Ok, and it's linking turns... not carving
The others are right, try go on days that aren't so busy if you can.
You'll get there
|11-20-2012 08:23 PM|
|smat||jello24 - "The OK part of Surrey" LMAO!|
|11-20-2012 08:22 PM|
gjsnowboarder: Thanks for replying! You hit the nail on the head - it's the first problem. Actually, I am great with managing my heel edge. It is going from heel-to-toe to begin the process of turning is where I am stuck. I am pretty bad with my toe edge (when I am looking up at the hill while trying to go down backwards with my board horizontal to the direction of the run). With the heel edge, I fall on my bum which isn't so bad and thus I have gotten good at it. With my toe edge though, I tend to fall on my face which isn't fun lol
I think I should maybe get an instructor for an hour or so.
PS - I tried to follow this excellent blog by this couple from Colorado (your hood!) - Free Learn to Snowboard Videos | SnowProfessor - but everytime I tried to practice things at the bunny hill on Seymour, the run ended before I even did a part of what the video teaches. I'll try SnoWolf's videos as well.
unxetas and jello24: Thanks for the insight! Both runs seem to offer what I need... during weekdays anyway. I'll hopefully be able to manage school next term to have a day or two off in the middle of the week.
Thanks again everyone! Any suggestions for instructors and location? If you have anything else to add, I'm all ears!
|11-20-2012 01:03 PM|
Collins at night on a weekday is usually empty. the most crowded parts of Collins at night is the hill at the top where beginners get caught with not enough speed and get stuck and the flat area beside the Easy Rider exit where everyone just picnics on. Other than those two spots Collins pretty much fits your bill.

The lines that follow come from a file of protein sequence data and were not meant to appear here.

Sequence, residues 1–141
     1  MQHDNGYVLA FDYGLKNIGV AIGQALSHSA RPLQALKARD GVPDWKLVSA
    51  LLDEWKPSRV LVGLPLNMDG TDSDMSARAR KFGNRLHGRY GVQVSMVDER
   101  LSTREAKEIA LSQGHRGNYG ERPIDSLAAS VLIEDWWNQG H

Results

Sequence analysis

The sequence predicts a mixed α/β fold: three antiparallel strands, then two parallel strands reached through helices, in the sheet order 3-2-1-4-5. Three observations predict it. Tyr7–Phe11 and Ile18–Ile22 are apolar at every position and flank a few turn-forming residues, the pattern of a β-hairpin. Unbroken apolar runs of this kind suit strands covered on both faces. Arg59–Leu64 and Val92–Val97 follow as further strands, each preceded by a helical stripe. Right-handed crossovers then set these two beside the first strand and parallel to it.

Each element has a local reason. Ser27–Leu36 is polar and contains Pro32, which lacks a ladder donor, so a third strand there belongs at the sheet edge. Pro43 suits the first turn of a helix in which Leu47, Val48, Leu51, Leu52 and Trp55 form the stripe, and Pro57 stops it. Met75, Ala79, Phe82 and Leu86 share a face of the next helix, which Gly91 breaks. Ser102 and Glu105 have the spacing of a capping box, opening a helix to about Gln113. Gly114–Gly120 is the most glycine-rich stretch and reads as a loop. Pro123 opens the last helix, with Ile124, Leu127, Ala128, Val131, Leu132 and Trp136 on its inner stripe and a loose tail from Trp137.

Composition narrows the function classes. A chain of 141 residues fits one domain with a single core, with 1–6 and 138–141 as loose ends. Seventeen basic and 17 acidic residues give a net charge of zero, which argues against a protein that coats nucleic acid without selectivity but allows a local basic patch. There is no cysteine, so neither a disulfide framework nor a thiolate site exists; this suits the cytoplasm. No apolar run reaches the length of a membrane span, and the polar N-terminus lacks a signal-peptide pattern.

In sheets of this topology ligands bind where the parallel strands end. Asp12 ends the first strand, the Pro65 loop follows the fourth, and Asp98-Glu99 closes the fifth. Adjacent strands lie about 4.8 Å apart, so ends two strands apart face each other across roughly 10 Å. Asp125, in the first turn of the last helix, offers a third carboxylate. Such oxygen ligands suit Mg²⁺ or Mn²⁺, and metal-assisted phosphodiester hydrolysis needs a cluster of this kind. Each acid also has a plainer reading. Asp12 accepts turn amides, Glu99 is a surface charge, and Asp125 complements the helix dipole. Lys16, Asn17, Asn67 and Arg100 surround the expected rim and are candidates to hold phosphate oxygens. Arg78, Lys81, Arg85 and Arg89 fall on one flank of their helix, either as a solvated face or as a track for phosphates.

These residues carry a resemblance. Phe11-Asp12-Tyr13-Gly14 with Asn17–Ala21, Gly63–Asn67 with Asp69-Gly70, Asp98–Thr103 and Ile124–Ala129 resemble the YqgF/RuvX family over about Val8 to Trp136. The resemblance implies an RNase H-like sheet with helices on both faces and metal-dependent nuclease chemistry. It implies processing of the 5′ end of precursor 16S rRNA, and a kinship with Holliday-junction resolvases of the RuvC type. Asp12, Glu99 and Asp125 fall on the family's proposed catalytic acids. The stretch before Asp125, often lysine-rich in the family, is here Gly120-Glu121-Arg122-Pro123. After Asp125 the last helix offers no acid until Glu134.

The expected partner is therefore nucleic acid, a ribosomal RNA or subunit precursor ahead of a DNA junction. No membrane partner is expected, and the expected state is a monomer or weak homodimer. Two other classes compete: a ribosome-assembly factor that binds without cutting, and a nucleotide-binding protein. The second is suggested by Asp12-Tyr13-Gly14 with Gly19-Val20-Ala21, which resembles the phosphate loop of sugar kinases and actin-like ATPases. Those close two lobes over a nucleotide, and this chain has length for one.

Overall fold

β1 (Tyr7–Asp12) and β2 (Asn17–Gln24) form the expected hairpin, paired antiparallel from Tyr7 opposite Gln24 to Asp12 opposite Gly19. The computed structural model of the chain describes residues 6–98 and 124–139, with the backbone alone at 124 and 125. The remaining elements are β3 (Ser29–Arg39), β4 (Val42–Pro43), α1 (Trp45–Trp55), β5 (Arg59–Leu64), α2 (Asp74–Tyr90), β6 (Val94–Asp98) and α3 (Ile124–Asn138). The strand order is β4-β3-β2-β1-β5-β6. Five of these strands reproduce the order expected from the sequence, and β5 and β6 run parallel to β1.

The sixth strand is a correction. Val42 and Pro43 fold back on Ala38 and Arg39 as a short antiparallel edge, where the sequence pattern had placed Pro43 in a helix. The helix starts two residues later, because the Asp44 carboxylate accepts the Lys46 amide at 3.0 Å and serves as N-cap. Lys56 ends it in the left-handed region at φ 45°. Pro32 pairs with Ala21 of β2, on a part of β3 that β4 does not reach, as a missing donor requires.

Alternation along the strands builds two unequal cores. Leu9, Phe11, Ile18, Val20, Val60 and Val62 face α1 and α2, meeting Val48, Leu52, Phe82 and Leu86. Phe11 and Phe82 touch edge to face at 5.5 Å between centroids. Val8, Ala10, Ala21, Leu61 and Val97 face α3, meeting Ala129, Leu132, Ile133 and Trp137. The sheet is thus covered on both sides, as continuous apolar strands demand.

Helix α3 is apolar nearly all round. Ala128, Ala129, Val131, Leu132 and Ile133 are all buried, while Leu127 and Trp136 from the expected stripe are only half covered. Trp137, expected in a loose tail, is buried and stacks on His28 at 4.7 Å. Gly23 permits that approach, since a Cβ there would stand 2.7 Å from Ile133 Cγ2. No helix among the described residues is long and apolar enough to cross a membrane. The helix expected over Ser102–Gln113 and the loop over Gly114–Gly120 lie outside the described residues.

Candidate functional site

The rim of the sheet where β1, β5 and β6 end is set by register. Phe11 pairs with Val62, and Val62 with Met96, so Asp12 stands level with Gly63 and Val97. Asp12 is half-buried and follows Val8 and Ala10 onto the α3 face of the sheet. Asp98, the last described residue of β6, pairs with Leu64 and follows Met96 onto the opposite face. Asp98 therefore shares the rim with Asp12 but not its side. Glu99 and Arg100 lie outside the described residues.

The section after the hill is very straight, very wide, and really gentle. The snow in that section gets pretty ugly though, patches of ice, a few bumps, but its par for the course for a run that gets a lot of traffic. The run is long, constant turns will produce a run ~5 mins on average. Point it and you can go ~2 mins usually.
Panorama is slightly shorter, slightly more narrow (but not by a lot) but is more flat until you reach the hairpin, then flattens out again. The runout is VERY wide, and is usually the best place to get really wide turns going, albeit just 2 or 3 of them until you reach the bottom runout.
Cypress has really good, mild beginner runs. There's a reason why it's a popular place for beginners to go. The beginner runs are really well suited for the level, and even still the blue runs are very mild. Great mountain to progress through the beginner - low intermediate level. You'll eventually run out of terrain to ride if you want more progression, but whistler's just a drive away anyway.
|11-20-2012 12:40 PM|
Collins is usually too busy to actually learn much, I think Panorama is much better, especially when it gets colder and everyone moves to Collins after lunch.
If you go during the week, they're both perfect to learn on..
The bunny hill at Mt Seymour is really too small, the other runs are maybe a bit too tight? Grouse I have very little experience with. The gondola and what not were just a hassle the one time we went up, never been back. I should try it again! But actually, I spent that one night helping my girlfriend at the bunny hill and she loved it. Lots of room, not steep at all.. But very short.